Happy May! That means a few things to me currently. 1) My Dad’s birthday (the 1st of the month), 2) it’s time to drink margaritas before Sunday, and 3) omigosh my wedding is just about a month away. This cake celebrates the first two on that list – I made it for my Dad’s birthday cake yesterday and its Mexican heritage also helps celebrates the upcoming Cinco de Mayo. Gotta love when my desserts serve double duty. If anything, the cake is counterproductive to that third item on the list – the combination of evaporated milk, sweetened condensed milk, and heavy cream (thus, tres leches – three milks) is not helping any of us on our weight loss journey. But once again, everything in moderation folks. So happy birthday Dad, happy Cinco de Mayo everyone that loves margaritas, and happy eating delicious cake for those of you with simply no other reason!
Tres leches cake isn’t something I would normally order from a dessert menu, especially from our favorite Mexican restaurant that gives you free churros after dinner anyway. But ever since we went there for Ryan’s birthday last year and the restaurant chose their citrus tres leches cake as his treat, I have become a convert. Tres leches cake is in fact soggy and that always turned me off from trying it in general, but only now do I realize that the extremely moist texture is what makes it so delicious! The cake itself is of a very light crumb and acts like a sponge for the large amount of milk/cream that is poured over it after it is baked. Since I wanted to make this as a birthday cake, I decided to do a layer cake, but I must say this isn’t the easiest option. Most tres leches cake are seen as single layer sheet cakes, and now I understand why – the cake is so delicate and soft that stacking them on top of each other isn’t easy. Although I was able to get some great photos of the cake, it was rather lopsided and messy overall. I still love a layer cake (especially 6″ ones!) but would probably recommend a single layer if you’re trying to win some beauty awards. I could tell my parents and Ryan were a bit skeptical looking at my lopsided cake, but once we cut in and had a bite – they were sold!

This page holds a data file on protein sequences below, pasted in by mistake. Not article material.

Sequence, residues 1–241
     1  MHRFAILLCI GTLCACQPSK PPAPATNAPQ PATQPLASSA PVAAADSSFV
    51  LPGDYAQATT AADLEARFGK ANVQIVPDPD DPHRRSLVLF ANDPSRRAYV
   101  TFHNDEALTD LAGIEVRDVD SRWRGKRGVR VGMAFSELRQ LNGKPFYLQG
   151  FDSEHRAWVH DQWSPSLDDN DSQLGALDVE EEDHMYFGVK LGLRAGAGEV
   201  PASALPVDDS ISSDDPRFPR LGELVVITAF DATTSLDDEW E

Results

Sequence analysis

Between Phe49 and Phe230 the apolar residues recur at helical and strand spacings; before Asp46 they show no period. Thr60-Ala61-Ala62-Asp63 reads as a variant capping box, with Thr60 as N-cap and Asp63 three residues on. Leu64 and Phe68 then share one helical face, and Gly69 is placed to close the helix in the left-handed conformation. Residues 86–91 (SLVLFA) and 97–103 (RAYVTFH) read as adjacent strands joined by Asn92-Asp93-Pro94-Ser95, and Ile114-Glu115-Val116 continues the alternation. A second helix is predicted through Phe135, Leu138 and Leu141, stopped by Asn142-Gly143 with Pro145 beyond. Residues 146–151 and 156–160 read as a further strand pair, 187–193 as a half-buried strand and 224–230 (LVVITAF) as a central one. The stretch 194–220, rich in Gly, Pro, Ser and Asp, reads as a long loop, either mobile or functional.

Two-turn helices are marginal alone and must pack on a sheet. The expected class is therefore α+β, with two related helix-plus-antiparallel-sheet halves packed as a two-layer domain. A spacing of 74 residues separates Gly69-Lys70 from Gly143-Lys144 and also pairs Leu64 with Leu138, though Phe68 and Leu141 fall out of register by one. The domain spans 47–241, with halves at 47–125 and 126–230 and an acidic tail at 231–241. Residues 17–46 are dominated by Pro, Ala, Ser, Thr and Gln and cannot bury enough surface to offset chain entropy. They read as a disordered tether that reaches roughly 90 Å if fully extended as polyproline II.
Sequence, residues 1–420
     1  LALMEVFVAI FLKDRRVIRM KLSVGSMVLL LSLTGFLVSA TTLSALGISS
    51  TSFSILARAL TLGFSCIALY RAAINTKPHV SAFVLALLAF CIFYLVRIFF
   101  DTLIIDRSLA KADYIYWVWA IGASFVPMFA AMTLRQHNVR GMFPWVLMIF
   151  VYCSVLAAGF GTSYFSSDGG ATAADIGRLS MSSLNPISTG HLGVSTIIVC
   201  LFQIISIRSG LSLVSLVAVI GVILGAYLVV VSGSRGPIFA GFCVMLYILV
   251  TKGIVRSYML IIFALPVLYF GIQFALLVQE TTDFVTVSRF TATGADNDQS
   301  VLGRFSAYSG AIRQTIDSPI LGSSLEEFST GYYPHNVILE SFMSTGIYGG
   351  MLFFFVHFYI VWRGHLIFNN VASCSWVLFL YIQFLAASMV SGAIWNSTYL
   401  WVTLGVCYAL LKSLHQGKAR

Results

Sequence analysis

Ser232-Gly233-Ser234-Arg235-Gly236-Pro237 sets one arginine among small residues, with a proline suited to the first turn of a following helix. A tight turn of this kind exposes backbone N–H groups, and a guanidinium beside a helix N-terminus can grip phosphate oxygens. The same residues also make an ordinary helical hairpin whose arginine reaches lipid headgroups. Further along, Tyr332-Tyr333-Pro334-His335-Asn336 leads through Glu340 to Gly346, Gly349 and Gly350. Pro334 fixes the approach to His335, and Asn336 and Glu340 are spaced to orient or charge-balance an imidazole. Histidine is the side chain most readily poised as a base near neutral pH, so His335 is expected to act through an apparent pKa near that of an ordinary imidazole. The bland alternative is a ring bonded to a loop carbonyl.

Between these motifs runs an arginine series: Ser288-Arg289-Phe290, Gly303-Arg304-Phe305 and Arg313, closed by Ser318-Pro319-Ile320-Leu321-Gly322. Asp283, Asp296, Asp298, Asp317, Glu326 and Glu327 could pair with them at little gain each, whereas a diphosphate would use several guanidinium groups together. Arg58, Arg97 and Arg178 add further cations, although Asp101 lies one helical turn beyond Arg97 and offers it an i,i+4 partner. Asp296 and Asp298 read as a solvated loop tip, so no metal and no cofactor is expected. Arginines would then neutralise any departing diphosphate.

I decided to infuse my tres leches cake with oranges because that is how the restaurant served it and I remember loving it so much. I figured it’d be a great way to use up some oranges and clementines towards the end of their season and add some bright, vibrant flavors and colors to the cake. For the decoration I actually made some candied clementine slices that I think add a touch of class to my otherwise unfinished cake. I actually love the look of unfrosted cakes, I’ve even seen that done for wedding cakes, and it saves me the trouble of frosting the entire thing. Probably would have hid some of the cake’s flaws, but I think that just adds character!
Orange Tres Leches Layer Cake
for the cake:
1 cup all purpose flour
1-1/2 tsp baking pwoder
1/4 tsp salt
Zest of 2 oranges
5 egg yolks
5 egg whites
1 cup sugar, divided
1 tsp vanilla extract
1/3 cup whole milk